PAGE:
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Dolphins take a look at Hambrick
The ex-NFL player and Pasco High star eyes a comeback at age 30.
By FRANK PASTOR
Published May 13, 2006
Darren Hambrick's attempt to revive his NFL career received a boost Friday, when the former Pasco High star had a personal workout with the Dolphins.
Hambrick, a linebacker, played five seasons with the Cowboys, Panthers and Browns before off-the-field problems, including arrests, contract disputes and an association with two people on trial for separate murders, drove him out of the league after the 2002 season.
Dolphins linebackers coach George Edwards worked with Hambrick in Dallas, where Hambrick had a team-leading 154 tackles in 2000.
"They obviously have some need at linebacker and want to make some upgrades at the position somewhere," said Hambrick's agent, Arlo Henderson. "Darren can go in, and it allows the linebacker coach to have a comfort level with him as far as Darren's professionalism and what he brings as a leader defensively and on the field.
"I think it provides them with veteran leadership at that position and some depth they may be lacking at this point."
The Dolphins primarily want to see if the 30-year-old Hambrick can still move, said Rob Oppedisano, a New Port Richey strength and conditioning specialist who has worked with Hambrick for the past three months.
Hambrick, whose specialty is run-stopping, dropped his weight to 235 pounds with body fat percentage in the high 14s from 246 pounds with 17 percent body fat and reduced his 40-yard-dash time on grass to the high 4.5s from 4.94 seconds.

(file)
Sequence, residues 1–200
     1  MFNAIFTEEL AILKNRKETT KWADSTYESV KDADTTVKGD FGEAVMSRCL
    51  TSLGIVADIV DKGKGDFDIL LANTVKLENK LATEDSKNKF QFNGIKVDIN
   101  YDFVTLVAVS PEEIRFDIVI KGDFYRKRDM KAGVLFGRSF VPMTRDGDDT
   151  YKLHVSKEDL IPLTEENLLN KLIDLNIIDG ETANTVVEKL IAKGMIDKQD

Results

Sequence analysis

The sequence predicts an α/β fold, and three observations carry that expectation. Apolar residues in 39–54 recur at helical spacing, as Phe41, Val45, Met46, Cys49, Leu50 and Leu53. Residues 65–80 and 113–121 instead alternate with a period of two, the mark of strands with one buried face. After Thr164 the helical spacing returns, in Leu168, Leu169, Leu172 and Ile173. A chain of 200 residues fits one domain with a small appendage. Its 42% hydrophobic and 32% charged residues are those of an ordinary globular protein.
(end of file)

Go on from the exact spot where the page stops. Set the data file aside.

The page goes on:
"We believe everything's in place, it's just a matter of where he fits into the types of schemes they run," Oppedisano said. "We believe he can make it on just about anybody's team depending on what they ran."
The Dolphins also want to meet with Hambrick to assess whether his off-field problems are behind him, Henderson said. If they like what they see and hear, they could sign him to a contract.
Hambrick has been trying to rehabilitate his image by exploring his faith with his pastor, the Rev. Randy Wheeler, and Delia Coleman, a minister with the Wellspring and Up Ministry and a chaplain with the Tampa Police Department. Hambrick hired Henderson, a faith-based agent, to tout him.
Hambrick recently experienced a personal setback. His sister, Denise Coleman, was in critical condition after being shot in the neck and chest at her home in Lacoochee. Coleman's husband, Joseph, was arrested and charged with attempted murder.
"(Hambrick) is doing about the best you can do in a tough situation," Oppedisano said.